Police searched far and wide for a copy of The Rubaiyat of Omar Khayyam that matched the distinctive font from the “Tamám Shud” paper. They couldn’t find it anywhere until a man came to the police station with a copy.
To the excitement of the police, the last page of the book — the part containing “Tamám Shud” — had been ripped out. But the man who brought the book in claimed that he knew nothing about the poems or the Somerton Man.
In December of the previous year, he reported, he had taken a drive with his brother-in-law and parked a few hundred yards away from Somerton beach.
When they returned to the car, his brother-in-law noticed a copy of The Rubaiyat of Omar Khayyam on the floor. Both men had assumed the book belonged to the other.
But when the national coverage of the Somerton Man had begun to circulate, the two men took a closer look at the book and realized it was the one police were looking for.
Inside the book, Detective Sergeant Lionel Leane found two unlisted phone numbers and faint lines of code. The first phone number was a dead end, but the second phone number led to a young nurse named Jessica Ellen “Jo” Thomson who lived on Somerton Beach.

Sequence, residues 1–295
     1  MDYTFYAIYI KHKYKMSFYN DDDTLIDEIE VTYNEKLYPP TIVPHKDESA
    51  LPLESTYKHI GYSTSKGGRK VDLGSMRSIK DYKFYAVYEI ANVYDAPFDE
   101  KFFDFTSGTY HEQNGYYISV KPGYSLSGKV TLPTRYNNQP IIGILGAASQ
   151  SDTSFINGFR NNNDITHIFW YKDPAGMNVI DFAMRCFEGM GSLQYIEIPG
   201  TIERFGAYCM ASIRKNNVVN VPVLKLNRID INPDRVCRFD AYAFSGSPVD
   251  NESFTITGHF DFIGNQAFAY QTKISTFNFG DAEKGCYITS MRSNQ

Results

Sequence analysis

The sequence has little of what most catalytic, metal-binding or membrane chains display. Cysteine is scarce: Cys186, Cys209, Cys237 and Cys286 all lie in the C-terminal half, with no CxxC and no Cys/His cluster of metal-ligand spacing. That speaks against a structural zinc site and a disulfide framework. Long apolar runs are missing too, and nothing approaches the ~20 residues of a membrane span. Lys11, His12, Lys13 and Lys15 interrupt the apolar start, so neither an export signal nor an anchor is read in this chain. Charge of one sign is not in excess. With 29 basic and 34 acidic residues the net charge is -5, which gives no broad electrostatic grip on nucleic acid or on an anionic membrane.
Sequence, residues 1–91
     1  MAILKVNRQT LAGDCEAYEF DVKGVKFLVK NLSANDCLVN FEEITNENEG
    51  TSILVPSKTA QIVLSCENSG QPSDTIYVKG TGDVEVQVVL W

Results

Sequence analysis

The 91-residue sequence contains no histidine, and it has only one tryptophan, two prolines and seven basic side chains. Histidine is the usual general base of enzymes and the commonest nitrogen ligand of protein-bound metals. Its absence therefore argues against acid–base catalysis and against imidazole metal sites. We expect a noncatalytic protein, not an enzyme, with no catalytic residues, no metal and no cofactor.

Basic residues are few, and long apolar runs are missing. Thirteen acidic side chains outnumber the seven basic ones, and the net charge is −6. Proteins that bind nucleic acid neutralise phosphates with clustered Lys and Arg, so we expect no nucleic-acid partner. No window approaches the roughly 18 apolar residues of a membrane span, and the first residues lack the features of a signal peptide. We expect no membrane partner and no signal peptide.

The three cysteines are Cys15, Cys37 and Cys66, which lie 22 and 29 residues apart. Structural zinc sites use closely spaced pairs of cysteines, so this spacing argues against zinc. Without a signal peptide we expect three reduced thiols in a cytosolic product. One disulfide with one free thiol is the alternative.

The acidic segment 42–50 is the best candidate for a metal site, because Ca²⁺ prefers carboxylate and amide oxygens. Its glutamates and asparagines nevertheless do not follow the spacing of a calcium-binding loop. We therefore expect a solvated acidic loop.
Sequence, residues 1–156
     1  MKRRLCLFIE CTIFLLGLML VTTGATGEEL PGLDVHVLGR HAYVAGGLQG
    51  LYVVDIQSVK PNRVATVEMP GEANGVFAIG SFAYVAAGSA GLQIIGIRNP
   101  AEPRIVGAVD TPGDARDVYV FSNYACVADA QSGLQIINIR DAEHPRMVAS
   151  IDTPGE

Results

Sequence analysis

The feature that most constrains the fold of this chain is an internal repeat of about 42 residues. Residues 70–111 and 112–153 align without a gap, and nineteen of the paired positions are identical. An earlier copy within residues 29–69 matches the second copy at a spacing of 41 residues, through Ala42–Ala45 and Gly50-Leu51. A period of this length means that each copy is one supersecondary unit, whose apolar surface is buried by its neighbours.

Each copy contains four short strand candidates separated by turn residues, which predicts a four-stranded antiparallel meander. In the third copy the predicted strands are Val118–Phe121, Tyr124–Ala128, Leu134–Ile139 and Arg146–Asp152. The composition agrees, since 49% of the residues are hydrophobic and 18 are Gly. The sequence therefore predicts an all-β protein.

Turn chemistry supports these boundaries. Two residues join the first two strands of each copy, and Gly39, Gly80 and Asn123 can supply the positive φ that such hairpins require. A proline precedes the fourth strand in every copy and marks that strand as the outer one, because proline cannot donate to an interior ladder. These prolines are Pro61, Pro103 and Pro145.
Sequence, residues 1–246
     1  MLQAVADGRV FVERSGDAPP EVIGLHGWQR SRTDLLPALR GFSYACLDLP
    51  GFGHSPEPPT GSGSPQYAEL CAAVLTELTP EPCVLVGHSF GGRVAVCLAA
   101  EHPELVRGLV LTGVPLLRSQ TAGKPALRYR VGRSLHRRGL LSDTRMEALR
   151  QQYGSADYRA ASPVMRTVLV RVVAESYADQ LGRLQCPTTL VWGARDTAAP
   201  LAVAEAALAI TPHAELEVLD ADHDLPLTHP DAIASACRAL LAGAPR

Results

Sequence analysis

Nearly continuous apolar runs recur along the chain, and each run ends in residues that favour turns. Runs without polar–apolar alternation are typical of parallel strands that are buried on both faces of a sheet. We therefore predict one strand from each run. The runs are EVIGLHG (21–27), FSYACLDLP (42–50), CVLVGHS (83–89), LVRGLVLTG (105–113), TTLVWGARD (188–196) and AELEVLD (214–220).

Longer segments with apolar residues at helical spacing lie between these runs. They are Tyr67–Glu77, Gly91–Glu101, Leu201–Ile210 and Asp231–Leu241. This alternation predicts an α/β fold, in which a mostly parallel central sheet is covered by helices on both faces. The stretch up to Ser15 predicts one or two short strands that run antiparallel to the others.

Thomson was reluctant to speak to the police, though she eventually admitted to having gifted a copy of it to a man named Alfred Boxall. When the Adelaide police pursued this lead, they discovered that Boxall was still alive — and had Thomson’s copy in his possession.
Though Thomson claimed that she didn’t know the Somerton Man, police reported that she reacted strangely to seeing a plaster cast of his face, and almost fainted.
With that lead seemingly exhausted, police next turned to the faint code in the book. Under a black light, they could make out a strange jumble of letters which read:
W [or maybe M] RGOABABDWTBIMPANETP
But not even Naval Intelligence in Australia could crack the code.
Lacking more leads to pursue, the police lay the Somerton Man to rest on June 14, 1949.
When the South Australia coroner published the final results of his investigation in 1958, his report concluded with the admission: “I am unable to say who the deceased was…I am unable to say how he died or what was the cause of death.”
It seemed that the mystery would never be solved.
New Hope For Solving The Tamám Shud Case And Finally Identifying The Somerton Man